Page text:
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Judge Roy Moore Files Brief Defending Prayer at NY Town Board

By Brandon Moseley
Alabama Political Reporter

Former Alabama Chief Justice Roy Moore (R) from Gallant announced that he and the Foundation for Moral Law legal organization in Montgomery, Alabama, have filed an amicus curiae brief in the U.S. Court of Appeals for the 2nd Circuit.  Former Chief Justice Moore won the Republican Party nomination for Chief Justice of the Supreme Court in the Republican Party.  Moore defeated former Alabama Attorney General Charlie Graddick and current Chief Justice Chuck Malone.  Moore still has to face Alabama Democratic party opponent, Harry Lyon in the November 6th General Election.

According to his written statement Chief Justice Moore’s brief is defending public prayer at town board meetings in Greece, NY. The Plaintiffs claimed that the prayers “offended” them and demanded that town official censor the content of the prayers given by local clergy and citizens by preventing, for instance, prayers “in the name of Jesus.” In May, a three judge panel of the federal Appeals Court reversed the lower court opinion and ruled that the prayer was unconstitutional.  The Town of Greece is appealing to the full appeals court.

Former Chief Justice Moore said, “In a blatant case of judicial activism, the 3-judge panel in this case has relied on its own opinion as to what the law should be, rather than what the text of the First Amendment actually provides. Our Founding Fathers who wrote the First Amendment frequently prayed at public events and would never expect the Constitution to be used to censor divine invocation.  We will continue to support the Town of Greece, New York, as they fight for the right to freely acknowledge God and to sincerely seek His favor and guidance.”

In the legal brief filed by Judge Moore and the Foundation, Chief Justice Moore argues that judges should abide by the words of the First Amendment as they were originally understood by the Founders who wrote them. According to Chief Justice Moore In that view, the original intent of the First Amendment public prayer is not a “law respecting an establishment of religion,” which is forbidden by the Establishment Clause.  Judge Moore argues that requiring judges and town officials to discern which prayers are “non-sectarian”versus “sectarian,” as plaintiffs want, is outside the jurisdiction and expertise of the government.  Judge Moore says that, “Prayer was not ever and is not now a violation of the First Amendment to the United States Constitution.”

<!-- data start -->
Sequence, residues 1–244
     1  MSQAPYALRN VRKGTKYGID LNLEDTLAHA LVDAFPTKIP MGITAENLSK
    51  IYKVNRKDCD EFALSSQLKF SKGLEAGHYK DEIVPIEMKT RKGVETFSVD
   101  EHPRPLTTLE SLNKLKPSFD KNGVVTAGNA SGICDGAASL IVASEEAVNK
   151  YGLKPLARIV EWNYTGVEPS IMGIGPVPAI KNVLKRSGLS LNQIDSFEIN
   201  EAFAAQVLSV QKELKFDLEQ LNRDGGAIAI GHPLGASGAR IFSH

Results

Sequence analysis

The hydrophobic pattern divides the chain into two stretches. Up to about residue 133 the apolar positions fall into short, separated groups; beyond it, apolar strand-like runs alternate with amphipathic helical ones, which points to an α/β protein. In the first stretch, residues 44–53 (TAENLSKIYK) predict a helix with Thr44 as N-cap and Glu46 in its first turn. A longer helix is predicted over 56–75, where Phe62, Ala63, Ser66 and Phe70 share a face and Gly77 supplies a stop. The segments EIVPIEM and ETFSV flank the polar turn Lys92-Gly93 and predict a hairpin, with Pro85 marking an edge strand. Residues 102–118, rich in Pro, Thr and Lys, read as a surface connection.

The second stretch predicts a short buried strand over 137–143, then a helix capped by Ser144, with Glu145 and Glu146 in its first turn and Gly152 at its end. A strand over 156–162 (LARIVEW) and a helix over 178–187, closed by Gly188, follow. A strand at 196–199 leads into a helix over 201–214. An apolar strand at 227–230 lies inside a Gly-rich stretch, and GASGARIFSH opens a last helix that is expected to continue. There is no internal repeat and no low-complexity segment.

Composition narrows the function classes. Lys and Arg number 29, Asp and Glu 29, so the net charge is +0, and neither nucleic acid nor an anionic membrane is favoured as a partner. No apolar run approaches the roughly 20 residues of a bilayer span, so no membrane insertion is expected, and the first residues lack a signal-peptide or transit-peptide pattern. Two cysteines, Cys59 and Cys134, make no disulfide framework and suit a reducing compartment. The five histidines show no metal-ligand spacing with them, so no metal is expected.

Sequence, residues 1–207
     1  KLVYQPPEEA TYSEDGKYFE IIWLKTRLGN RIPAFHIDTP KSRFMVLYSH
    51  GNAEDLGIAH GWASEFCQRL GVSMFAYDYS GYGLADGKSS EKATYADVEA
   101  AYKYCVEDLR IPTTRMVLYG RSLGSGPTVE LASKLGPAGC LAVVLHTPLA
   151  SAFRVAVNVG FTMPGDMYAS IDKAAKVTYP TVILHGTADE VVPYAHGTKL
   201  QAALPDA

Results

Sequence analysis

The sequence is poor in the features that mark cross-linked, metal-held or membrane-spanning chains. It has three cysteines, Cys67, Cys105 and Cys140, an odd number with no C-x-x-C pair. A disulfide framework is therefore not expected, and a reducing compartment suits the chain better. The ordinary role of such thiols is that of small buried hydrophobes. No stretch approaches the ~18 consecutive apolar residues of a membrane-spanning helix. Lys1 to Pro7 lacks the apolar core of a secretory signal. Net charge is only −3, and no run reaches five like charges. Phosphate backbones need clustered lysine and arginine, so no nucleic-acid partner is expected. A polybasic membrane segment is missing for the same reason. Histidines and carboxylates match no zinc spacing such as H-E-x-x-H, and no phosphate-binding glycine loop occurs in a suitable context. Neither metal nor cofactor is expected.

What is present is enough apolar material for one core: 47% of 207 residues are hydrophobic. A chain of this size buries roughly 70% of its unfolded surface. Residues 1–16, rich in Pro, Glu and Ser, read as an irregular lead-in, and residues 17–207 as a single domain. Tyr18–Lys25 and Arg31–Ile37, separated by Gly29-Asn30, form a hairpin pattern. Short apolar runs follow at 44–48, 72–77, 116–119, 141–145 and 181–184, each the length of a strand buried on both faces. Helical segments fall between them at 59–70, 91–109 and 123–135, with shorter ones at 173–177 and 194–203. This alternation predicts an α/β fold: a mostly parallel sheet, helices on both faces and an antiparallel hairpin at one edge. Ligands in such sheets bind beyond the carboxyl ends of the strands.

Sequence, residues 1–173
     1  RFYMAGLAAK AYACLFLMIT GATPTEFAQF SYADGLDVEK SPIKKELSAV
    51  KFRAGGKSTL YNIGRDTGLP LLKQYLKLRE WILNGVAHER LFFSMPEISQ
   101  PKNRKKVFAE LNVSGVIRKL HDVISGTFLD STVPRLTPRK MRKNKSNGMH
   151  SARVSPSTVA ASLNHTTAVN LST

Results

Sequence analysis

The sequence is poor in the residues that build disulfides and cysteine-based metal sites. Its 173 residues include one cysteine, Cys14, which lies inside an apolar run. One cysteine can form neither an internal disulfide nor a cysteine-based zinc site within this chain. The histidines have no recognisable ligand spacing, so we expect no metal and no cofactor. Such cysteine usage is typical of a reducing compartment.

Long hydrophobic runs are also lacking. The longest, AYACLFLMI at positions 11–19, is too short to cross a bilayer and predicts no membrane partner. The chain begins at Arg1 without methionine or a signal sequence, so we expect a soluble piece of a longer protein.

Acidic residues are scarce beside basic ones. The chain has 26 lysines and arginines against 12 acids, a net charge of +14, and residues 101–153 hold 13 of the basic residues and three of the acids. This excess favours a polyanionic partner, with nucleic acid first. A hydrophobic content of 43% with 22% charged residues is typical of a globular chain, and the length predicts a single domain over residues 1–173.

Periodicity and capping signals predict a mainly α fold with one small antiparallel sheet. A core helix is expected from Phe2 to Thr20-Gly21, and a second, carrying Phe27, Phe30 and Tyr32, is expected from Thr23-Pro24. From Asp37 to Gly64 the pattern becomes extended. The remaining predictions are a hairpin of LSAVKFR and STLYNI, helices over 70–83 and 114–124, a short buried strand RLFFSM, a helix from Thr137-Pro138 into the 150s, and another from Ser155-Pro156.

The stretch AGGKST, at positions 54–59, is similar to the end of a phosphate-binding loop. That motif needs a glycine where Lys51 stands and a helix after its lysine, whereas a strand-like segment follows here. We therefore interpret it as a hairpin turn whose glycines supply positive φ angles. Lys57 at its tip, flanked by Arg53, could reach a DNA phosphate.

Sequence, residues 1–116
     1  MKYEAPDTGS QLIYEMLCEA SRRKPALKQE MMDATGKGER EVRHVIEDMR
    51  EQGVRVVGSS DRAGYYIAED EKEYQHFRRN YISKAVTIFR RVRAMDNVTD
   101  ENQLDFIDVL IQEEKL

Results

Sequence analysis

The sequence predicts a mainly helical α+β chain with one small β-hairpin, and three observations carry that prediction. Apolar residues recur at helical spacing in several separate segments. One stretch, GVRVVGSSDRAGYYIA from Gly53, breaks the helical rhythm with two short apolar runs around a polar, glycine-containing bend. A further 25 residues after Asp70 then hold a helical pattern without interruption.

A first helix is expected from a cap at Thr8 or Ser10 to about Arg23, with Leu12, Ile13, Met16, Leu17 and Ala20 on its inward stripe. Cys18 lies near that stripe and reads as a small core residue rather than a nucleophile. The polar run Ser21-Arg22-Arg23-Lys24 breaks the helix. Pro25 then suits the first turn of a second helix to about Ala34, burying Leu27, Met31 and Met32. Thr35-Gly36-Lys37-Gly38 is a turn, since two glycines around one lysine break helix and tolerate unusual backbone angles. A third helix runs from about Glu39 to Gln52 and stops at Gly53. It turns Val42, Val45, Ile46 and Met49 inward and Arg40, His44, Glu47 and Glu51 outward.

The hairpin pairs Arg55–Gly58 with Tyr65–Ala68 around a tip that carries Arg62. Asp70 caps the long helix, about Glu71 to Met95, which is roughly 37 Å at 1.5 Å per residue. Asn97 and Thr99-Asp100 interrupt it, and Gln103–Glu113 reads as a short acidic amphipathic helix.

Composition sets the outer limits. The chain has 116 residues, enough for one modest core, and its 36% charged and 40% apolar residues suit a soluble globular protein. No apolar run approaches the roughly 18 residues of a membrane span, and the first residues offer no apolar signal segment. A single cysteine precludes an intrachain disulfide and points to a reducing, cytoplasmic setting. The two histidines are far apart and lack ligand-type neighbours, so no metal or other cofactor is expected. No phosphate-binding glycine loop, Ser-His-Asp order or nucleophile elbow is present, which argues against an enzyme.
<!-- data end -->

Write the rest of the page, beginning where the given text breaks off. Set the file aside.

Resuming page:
Moore’s statement said that, “Radical secularist groups like Americans United for Separation of Church and State continue to challenge these rulings in their attempt to censor all public reminders of Almighty God. But the right to publicly acknowledge God is not forbidden by the Constitution–it is protected by it.   As long as judges abide by the words of the Constitution and not their own personal opinions, this freedom will not be taken away.”

Judge Moore was elected Chief Justice of the Alabama Supreme Court in 2002.  Chief Justice Moore was removed from his position by an unelected panel of Alabama jurists, because he refused the order of a federal judge to remove a ten commandment monument from the Alabama Supreme Court building.  Moore ran for the Republican nomination for Alabama Governor in 2006 and 2010.

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To learn more about the Foundation For Moral Law visit their website:

http://www.morallaw.org

Written By

Brandon Moseley is a senior reporter with over nine years at Alabama Political Reporter. During that time he has written 8,697 articles for APR. You can email him at [email protected] or follow him on Facebook. Brandon is a native of Moody, Alabama, a graduate of Auburn University, and a seventh generation Alabamian.

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